From Your Dean
It was seven days after 9/11. All airlines had been stopped and businesses had shut down, which meant there was an earie quiet, broken by the sound of F15 fighters who kept up a regular patrol around the capital region. The clergy of Washington DC were gathered at the National Cathedral and addressed by the Bishop of the Armed Forces about how we could best support our congregations in that craziest of times. I clearly remember him telling us that it was far too early to try to analyze things or look at root causes or otherwise try to figure things out and that the most important thing was to be with people where they were, to listen to their fear, their anger, and their grief, just be there with them and pray. I remember his saying that it wasn’t time yet. For this group of type A clergy used to being out in front on issues, these were hard words to hear. We, however, got the message, kept our prophetic voices low, and went pastoral and patriotic instead. A year later, when people walked out of my church after a relatively innocuous sermon, I realized it wasn’t time yet then either.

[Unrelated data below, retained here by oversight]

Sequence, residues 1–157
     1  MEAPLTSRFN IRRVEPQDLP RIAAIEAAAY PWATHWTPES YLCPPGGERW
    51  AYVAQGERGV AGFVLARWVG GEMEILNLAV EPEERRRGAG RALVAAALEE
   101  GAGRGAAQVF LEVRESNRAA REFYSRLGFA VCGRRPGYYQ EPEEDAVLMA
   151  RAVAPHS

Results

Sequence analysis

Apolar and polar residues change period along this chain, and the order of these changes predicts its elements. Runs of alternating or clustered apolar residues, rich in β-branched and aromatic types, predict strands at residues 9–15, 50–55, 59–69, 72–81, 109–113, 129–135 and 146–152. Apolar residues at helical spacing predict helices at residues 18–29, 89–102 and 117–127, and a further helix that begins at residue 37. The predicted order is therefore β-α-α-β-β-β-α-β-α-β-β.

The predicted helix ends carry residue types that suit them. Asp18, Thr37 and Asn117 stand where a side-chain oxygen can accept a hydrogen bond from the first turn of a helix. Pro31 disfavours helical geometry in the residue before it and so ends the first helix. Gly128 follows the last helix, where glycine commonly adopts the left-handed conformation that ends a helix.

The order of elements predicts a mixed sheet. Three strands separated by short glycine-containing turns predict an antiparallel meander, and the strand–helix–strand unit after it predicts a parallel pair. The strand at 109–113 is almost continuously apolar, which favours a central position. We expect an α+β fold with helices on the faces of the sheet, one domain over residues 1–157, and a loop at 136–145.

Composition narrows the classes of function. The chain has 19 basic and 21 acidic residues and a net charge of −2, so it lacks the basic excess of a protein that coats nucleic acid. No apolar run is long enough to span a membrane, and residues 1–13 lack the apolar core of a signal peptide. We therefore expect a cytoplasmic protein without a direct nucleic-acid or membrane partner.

My offense was saying that “If we want God to bless America, America needs to bless God” and then talking about how to do that by working for justice, peace, and love. My challenge was to prove the terrorists wrong – to show them that the image of self-absorbed, avaricious people they saw on TV was a caricature and that we were actually a people who lived out our faith by loving our neighbor, caring for the poor, celebrating diversity, seeing ourselves as part of a global community, and sharing our gifts and resources to serve in the common good.
I still believe those things are true. I am well aware, however, that the clouds of dust raised on 9/11 created a shadow of fear which for a long time has eclipsed the better angels of our nature and stopped the world and ourselves from seeing who we really are.